Around 70 students from eight schools across the state came together earlier this month for the Adelaide showcase of the 2023 Kids in Space program.
Held at Stone & Chalk at Lot Fourteen, the primary school students shared their creative thinking, design and technology skills with judges and peers at the Adelaide event. The students presented products developed to address two guiding prompts of the program – how space technologies can help solve problems on Earth and how we can help astronauts and scientists do their work in space.
South Australian schools involved in the showcase were Willunga Primary School, Saint Ignatius College, Swallowcliffe School, Dara School, Klemzig Primary School, Warooka Primary School, Mundulla Primary School and Walford Anglican School for Girls.
Deputy Premier and Minister for Defence and Space Industries Susan Close attended the showcase, praising the students’ innovative approach to the challenge.
“It’s fantastic to see initiatives such as Kids in Space capture the interest of students and spark a curiosity in STEM-related study and careers from a young age,” Ms Close said.
“Home to the Australian Space Agency, Australian Mission Control Centre and more than 100 space-related organisations, South Australia has become a beacon for space activity offering a range of exciting career opportunities for aspiring space leaders.”
“The State Government is committed to growing the skilled workforce we need to meet future industry needs and this engaging program supports teachers and schools to improve STEM learning outcomes by helping students find inspiration in space as a pathway to a future STEM career.”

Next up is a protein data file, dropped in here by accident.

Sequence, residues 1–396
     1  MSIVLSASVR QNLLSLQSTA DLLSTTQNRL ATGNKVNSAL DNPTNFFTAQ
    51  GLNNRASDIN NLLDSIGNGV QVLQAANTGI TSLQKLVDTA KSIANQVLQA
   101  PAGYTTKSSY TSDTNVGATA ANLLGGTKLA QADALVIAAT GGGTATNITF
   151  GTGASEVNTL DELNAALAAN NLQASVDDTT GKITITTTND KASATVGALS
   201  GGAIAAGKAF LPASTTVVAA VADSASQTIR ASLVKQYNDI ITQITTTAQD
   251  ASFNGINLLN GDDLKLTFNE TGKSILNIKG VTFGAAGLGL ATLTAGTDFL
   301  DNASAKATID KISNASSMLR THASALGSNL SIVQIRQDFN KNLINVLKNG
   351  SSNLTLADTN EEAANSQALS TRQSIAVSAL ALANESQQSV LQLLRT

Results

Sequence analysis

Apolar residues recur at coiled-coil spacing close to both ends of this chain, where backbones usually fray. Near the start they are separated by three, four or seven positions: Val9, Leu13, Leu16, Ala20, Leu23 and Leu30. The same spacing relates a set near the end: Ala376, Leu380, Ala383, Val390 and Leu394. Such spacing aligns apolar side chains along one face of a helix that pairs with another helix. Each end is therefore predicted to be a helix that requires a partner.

Students from Warooka Primary School on the Yorke Peninsula took top spot at the Adelaide showcase. The team were recognised for their design of a playground – reliant on magnets and domes to work in microgravity – that would provide astronauts with a method of maintaining their muscle mass and bone density while in space.
“There’s no question that space inspires and it was fantastic to see these young students engage in the program in such a thoughtful way,” Ms Close said.
More than 5000 students across Australia are involved in the space education program this year, which includes participating schools receiving space-themed professional development days for teachers, a 3D printer and a custom space-themed challenge course for students.
The Warooka Primary School Team will return to Adelaide in October for the final showcase event, where they will compete against other state winners for the 2023 Kids in Space title.